The MEP, a leading voice for exiting the bloc, claimed people criticising the Government’s bid to join the Trans-Pacific Partnership (TPP) simply wanted Brexit to fail, reports the Express.
This week, it was revealed the Government has held informal talks about going the TPP, a powerful trade group of Pacific nations.
And Mr Hannan said it was the right move, at a time when the “world’s centre of gravity” is moving towards the east.
He pointed out the 21 countries in the Asia-Pacific Economic Co-operation now make-up more than half of worldwide trade.
Writing in the The Telegraph, he said: “During the Brexit referendum, Remain campaigners kept saying that Britain exported more to Belgium than to the whole of China.
“This is true - and that's the problem. China is, in GDP terms, adding a Belgium and a Luxembourg to its economy every year.
“According to the IMF, 90 per cent of world growth this century will come outside the EU.”
The staunch Brexiteer said Britain’s close links to nations like Australia, New Zealand, Singapore and Hong Kong made such a move the obvious choice, despite the naysayers.
He wrote: “The idea of Britain joining the TPP has prompted much Europhile snottiness.
“Tim Farron says it ‘smacks of desperation’. Simon Fraser, recently the top mandarin at the FCO, calls it ‘cloud-cuckoo land’.
“It's as if Remainers want Britain to fail after Brexit. Why else oppose something as uncontroversial as extending our trade opportunities wherever we can?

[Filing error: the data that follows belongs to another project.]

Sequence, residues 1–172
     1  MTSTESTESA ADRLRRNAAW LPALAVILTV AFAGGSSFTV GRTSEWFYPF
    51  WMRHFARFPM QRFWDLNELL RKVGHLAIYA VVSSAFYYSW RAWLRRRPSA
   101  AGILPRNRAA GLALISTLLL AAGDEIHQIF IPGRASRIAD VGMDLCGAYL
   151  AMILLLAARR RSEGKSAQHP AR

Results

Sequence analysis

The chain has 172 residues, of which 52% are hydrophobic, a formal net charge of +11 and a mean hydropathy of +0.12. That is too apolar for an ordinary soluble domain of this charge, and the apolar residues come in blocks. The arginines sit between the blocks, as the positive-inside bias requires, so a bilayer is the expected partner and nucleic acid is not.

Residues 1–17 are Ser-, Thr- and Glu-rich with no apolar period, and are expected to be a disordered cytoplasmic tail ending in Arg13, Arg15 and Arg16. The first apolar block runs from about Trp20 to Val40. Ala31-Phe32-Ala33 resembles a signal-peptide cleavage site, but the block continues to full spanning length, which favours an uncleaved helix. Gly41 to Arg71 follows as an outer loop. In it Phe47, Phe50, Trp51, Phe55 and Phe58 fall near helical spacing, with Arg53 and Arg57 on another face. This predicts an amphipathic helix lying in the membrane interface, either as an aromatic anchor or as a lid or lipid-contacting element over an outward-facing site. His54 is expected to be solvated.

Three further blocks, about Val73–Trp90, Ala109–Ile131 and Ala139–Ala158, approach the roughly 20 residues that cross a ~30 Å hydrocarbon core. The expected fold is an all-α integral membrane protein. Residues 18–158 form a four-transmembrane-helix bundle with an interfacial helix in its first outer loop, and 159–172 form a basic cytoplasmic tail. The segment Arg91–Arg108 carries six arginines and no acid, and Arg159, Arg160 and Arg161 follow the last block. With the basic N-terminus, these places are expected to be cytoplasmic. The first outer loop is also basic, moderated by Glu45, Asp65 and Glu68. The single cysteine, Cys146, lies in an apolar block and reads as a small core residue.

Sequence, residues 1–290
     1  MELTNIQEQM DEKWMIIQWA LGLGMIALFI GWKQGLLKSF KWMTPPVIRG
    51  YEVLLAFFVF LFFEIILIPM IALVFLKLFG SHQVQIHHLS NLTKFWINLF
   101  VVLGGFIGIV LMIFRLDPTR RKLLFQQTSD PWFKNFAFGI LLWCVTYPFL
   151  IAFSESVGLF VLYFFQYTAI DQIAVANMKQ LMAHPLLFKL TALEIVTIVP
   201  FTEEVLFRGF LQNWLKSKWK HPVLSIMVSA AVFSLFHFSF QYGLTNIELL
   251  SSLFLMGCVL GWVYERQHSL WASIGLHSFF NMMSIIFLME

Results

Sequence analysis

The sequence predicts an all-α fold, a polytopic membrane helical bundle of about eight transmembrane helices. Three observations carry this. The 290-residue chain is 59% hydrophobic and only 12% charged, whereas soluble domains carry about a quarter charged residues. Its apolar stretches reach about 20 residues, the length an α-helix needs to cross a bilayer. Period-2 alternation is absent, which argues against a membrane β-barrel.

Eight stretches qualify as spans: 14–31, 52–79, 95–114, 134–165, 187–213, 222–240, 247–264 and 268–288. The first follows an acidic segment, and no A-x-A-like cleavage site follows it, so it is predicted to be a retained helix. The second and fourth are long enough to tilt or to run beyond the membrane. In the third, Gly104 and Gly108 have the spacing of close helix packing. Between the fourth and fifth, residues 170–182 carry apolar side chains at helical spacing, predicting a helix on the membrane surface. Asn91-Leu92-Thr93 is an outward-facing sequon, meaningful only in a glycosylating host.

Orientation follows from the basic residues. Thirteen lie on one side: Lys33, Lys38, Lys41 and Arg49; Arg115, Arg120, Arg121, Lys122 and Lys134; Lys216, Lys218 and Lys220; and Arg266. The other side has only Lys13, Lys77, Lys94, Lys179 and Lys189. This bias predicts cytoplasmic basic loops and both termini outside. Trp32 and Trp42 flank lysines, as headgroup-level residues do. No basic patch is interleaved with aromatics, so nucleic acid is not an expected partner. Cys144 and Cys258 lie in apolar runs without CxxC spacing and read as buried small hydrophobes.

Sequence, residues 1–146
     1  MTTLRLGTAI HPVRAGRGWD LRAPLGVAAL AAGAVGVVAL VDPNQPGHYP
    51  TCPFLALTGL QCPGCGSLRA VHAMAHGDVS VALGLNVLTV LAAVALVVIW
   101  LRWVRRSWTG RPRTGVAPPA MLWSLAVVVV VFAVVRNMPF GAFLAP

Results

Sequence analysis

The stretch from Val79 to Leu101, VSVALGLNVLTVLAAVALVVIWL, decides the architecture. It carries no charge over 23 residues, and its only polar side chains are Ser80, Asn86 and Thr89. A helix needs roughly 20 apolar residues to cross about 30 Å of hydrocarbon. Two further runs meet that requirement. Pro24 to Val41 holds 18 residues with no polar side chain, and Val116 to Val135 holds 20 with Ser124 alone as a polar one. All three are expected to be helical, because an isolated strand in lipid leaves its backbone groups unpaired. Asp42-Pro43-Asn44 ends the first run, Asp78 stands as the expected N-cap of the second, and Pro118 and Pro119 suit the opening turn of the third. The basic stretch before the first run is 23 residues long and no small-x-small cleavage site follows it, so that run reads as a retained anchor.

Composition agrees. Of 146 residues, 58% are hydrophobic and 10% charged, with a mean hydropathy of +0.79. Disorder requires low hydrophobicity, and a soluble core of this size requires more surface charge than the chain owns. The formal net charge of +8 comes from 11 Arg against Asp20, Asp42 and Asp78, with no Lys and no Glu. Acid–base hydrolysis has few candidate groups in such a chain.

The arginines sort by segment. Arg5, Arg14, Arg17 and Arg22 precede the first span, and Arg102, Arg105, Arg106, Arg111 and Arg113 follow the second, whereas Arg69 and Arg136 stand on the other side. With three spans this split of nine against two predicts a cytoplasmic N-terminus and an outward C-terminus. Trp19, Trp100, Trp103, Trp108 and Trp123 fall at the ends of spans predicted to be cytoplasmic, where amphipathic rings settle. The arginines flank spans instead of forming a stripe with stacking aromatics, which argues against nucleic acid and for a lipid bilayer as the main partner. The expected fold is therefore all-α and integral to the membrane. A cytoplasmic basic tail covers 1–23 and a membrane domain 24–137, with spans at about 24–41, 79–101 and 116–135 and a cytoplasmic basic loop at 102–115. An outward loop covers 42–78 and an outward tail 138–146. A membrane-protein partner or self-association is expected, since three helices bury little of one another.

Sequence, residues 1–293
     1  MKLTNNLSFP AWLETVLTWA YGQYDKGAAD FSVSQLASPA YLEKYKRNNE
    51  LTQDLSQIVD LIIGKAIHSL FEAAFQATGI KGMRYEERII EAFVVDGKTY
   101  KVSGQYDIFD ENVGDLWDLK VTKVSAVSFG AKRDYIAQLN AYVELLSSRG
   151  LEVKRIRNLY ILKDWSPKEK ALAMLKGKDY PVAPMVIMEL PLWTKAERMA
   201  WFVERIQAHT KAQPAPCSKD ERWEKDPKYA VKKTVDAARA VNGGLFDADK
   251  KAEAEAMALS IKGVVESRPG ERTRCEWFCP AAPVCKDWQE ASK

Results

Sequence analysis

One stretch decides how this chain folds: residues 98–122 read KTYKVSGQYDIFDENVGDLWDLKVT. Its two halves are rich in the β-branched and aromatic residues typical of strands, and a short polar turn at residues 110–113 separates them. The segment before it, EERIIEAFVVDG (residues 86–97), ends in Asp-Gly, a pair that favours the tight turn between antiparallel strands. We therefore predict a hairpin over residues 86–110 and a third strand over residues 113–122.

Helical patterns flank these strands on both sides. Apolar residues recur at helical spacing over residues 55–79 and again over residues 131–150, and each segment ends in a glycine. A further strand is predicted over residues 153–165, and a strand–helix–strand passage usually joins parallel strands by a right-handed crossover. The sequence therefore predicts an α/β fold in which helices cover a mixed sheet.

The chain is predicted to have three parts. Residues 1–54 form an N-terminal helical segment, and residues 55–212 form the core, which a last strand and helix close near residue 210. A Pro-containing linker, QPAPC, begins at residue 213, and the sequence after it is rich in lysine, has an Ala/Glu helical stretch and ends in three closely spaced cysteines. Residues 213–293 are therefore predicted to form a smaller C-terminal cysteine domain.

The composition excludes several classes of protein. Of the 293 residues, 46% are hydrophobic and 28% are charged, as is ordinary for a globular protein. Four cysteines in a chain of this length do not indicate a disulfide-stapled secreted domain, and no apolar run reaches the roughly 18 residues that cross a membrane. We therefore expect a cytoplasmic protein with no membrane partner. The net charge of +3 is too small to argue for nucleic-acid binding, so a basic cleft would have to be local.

“Their cynicism finds little echo in the region. Over the past two months, I have spent time in Hong Kong, Malaysia, Singapore, New Zealand and Chile.
“In all of them, politicians and businessmen are enthusiastic about closer trade links with Britain.
“In Hong Kong, interestingly, the pro-Beijing faction is even keener than the democrats, seeing such ties as a step towards a UK-China trade deal.”
And he claimed the UK should also consider signing up to Australia and New Zealand’s trade deal alongside other territories.
He said: “The EU is a child of its time. In the 1950s, regulation was ubiquitous, freight costs were high, and trade was dictated by proximity.
“Distance matters less in the internet age. In any case, the flight from London to Beijing is shorter than that from Sydney to Beijing: these supposed geographical barriers are often psychological.
“The trouble is that our officials are approaching Brexit as an exercise in damage limitation, seeking to salvage what they can of existing arrangements. We need to lift our eyes to more distant and more opulent horizons. Britain would be the first member of the TPP not to border the Pacific Ocean or the South China Sea.
Liam Fox's Department for International Trade is said to be developing the proposals to join the group which lost its largest member - the United States - when President Donald Trump withdrew from the agreement last year.
The 11 remaining member states include Australia, Mexico, Singapore and Canada.
Trade Minister Greg Hands said there was no geographical restriction on Britain joining trade groups.
He said: "Nothing is excluded in all of this.
"With these kind of plurilateral relationships, there doesn't have to be any geographical restriction."